During Y Combinator accelerator program’s most recent semi-annual Demo Day, one founder claimed, “We’re building a better search engine than Google!”
YC picked 1,307 companies out of 16,000-plus applicants to pitch the investment community on Aug. 31 and Sept. 1. Each company founder had one minute to make a pitch that could land them a ticket to startup heaven.
Using a new model for funding early-stage startups, Y Combinator has helped launch more than 3,000 companies. These include Stripe, Airbnb, DoorDash, Coinbase, Instacart, Dropbox and Reddit. By January 2021, the combined valuation of top YC companies exceeded $300 billion.
Each year, YC invests $125,000 each in 300 to 400 startups, working with the chosen companies for three months to help them refine their pitch to investors. Each cycle culminates in Demo Day, when the startups pitch to investors.Aniview code:
Michael Seibel is partner and CEO at the Silicon Valley-based Y Combinator. Before joining YC in 2013, Seibel co-founded Justin.tv, which became Twitch Interactive and eventually sold to Amazon for $970 million. He also co-founded Socialcam, which participated in Y Combinator, raised angel financing, and ultimately sold to Autodesk Inc. for $60 million.
Building a better search engine than Google has been on Seibel’s mind, according to a long Twitter thread he posted on Jan. 2. In it, Seibel complained of “clickbait sites riddled with crappy ads.” He invited followers to reply to the thread with the categories where they “no longer trust” Google Search results.
Seibel tweeted, “A recent small medical issue has highlighted how much someone needs to disrupt Google Search. Google is no longer producing high quality search results in a significant number of important categories.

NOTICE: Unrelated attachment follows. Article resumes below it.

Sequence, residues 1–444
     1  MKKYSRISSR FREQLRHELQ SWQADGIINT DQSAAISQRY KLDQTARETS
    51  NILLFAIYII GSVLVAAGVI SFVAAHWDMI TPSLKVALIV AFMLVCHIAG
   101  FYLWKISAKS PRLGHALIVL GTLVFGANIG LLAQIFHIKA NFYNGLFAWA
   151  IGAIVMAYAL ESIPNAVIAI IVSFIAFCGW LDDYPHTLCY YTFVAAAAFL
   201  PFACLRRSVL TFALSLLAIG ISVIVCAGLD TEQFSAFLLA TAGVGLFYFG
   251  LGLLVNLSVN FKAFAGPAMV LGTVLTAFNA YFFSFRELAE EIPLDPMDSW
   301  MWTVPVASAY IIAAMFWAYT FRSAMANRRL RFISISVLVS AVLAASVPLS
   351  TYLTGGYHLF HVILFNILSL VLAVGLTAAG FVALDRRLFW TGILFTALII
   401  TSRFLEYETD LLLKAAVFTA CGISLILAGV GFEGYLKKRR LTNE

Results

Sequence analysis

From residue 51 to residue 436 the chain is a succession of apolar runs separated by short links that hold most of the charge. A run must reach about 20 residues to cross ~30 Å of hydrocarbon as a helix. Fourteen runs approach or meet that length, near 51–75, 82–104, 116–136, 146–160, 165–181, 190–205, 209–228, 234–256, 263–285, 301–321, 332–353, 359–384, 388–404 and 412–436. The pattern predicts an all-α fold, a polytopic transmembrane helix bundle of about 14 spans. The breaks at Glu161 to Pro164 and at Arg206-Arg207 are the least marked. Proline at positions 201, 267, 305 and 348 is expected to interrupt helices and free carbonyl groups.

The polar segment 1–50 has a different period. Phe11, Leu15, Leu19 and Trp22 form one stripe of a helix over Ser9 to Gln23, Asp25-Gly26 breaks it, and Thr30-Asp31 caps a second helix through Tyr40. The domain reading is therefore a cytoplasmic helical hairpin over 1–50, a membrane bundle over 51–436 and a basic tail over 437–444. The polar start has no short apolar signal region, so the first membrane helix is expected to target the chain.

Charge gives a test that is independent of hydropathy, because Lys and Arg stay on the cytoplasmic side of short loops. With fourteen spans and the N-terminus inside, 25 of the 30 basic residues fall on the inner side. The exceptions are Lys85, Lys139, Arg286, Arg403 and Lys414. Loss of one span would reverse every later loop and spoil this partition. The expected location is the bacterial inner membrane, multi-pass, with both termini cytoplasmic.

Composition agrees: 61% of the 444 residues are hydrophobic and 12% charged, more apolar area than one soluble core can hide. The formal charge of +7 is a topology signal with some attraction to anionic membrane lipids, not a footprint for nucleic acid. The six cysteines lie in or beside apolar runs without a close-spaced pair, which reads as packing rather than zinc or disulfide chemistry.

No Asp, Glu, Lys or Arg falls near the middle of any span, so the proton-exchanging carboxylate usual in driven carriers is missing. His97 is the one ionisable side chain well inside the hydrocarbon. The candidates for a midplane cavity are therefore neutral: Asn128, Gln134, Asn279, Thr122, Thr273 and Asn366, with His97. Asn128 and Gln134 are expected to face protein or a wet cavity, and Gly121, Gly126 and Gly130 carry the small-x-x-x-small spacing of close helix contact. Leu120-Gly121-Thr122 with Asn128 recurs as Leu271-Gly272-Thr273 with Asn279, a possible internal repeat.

“Health, product reviews, recipes are three categories I searched today where top results featured clickbait sites riddled with crappy ads. I’m sure there are many more. Feel free to reply to the thread with the categories where you no longer trust Google Search results.”
Seibel placed the blame for poor quality results not on engineers but on “some suit responsible for quarterly ad revenue increase.” He predicted that such short-term thinking would open Google to “complete disruption” in the long term.
“I’m pretty sure the engineers responsible for Google Search aren’t happy about the quality of results either,” Seibel tweeted. “I’m wondering if this isn’t really a tech problem but the influence of some suit responsible for quarterly ad revenue increases.”
He continued, “What would a paid version of Google Search results look like – where Google can just try to give me the best possible results and not be worried about generating revenue? Also, how can a search category be SEO’d into ruin? Isn’t search engine optimization supposed to produce ‘better results’? Doesn’t Google exclusively control the results it displays…. “
Seibel described how Google could be ripe for disruption.
“The more I think about this, the more it looks like classic short term thinking. Juice ad revenue in the short run. Open the door to complete disruption in the long run…” Seibel wrote.